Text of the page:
Taken away her smart phone and given her a 'dumb' old style that does nothing but make calls and sms no internet.

Taken away her pc and internet access, changed our router password so she can no longer access it only under strict supervision for school work.

Taken away her tv.

Refused to take her to certain activities using the excuse 'I can't be bothered' or 'I have better stuff to do' giving her a taste of her own medicine.

Given her extra chores, eg. if shes doesn't unpack dishwasher then she will have to load it as well.

Grounded her.

Taken her door off the hinges.

Nothing seems to work she will behave for a while to get what she wants then revert back to her bad behaviour and attitude. No matter what we take from her she will find something else to distract herself with. It is not unusual for her to when she is supposed to be doing something take a book and go lock herself in the toilet for an hour here and there. I just don't know what is left to discipline her with. I can't see many options left, I could take her books and activities away but is that a bit too harsh? Even prisoners get to have these. I've even broken down in front of her and completely lost it. That changed her behaviour that night... until the next day. I'm on the verge of pulling her our of her school enrolling her in the local high school and telling her here you go this is what you wanted now fend for yourself. I've thought of cutting out all her activities and telling her you want to go then you take yourself there and pay for it yourself. I've just had enough mad.gif I love my daughter but don't like her very much at the moment.

#2 hellsmail

Posted 14 November 2012 - 11:34 AM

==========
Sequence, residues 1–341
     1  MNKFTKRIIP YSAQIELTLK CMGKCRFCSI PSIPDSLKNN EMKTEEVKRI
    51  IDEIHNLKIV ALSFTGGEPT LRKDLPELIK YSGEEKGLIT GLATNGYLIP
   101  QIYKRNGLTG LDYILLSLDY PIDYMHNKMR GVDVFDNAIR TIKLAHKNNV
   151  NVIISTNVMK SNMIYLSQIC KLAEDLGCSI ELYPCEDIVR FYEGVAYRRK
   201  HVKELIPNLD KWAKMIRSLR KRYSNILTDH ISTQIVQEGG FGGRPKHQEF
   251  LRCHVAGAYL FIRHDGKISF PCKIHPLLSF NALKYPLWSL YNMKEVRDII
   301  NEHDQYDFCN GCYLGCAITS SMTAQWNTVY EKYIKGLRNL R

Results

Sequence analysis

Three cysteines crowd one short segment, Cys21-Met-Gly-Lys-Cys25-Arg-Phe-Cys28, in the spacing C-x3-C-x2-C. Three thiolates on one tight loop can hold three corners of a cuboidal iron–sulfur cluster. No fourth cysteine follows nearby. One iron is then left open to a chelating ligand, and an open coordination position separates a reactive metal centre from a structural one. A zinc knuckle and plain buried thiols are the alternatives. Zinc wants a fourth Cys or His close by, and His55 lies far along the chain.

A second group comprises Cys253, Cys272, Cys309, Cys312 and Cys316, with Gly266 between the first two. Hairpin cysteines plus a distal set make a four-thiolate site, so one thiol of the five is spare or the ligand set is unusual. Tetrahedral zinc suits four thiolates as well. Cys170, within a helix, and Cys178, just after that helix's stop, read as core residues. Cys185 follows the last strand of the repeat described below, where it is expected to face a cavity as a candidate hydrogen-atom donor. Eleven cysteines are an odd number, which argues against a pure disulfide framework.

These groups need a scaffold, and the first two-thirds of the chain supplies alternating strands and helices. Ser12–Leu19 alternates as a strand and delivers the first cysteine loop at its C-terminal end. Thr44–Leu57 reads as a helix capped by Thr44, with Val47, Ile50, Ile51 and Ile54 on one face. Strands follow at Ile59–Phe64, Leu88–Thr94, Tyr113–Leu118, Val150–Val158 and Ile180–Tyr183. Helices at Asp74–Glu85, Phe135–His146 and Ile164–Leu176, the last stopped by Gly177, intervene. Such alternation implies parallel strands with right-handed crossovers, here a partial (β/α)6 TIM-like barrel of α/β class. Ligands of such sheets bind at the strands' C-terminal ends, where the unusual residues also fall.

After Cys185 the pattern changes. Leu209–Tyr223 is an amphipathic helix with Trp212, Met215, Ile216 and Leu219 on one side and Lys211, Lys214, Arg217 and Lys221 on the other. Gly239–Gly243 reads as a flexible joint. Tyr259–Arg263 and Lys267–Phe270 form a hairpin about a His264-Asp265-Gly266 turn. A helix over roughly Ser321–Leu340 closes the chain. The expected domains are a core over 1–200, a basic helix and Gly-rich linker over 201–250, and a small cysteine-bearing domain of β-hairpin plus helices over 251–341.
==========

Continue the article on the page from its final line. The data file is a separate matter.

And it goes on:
teenagers, I have a 14 year old boy like that but my 17 year old son is so much better now that his brain isn't soup anymore.  Hang in there they are having bigger brain rewiring than happened in the first year of life, It is horrid but it does get better.

#3 miriams

Posted 14 November 2012 - 11:44 AM

Nothing to say except you have my full sympathies. We could have written this post almost word for word. We are dealing with almost exactly the same behaviours with our twelve year old DD (minus the boys bit ...as yet). I used to stay up reading at the same age too though and my mum just gives me a cryptic smile if I complain about all this  laugh.gif

#4 Sweet like a lemon

Posted 14 November 2012 - 11:48 AM

Okay, I don't have a teenager yet, but 13yo s are notoriously difficult.

Personally I would ensure there are web filters in place to prevent her from a: visiting websites that are off limits and b: limit the amount of time she gets on the PC. There are heaps of free to use, user friendly  tools out there.

I also would not allow electronics in the bedroom after bedtime. Period. Not something that can be negotiated with good or bad behaviour. There have been plenty of studies done which all conclude it's
simply not good for them.

The part of her brain that measures consequence is still very much under development and will be for a few more years.

A sympathetic female GP will be able to give support and guidance with hormonal and behavioural issues.

Edited by ForsakenTruth, 14 November 2012 - 11:48 AM.


#5 BadCat

Posted 14 November 2012 - 12:04 PM

Sounds like you have given her an awful lot, phone, tv, private school, activities galore, and she has never had to earn anything.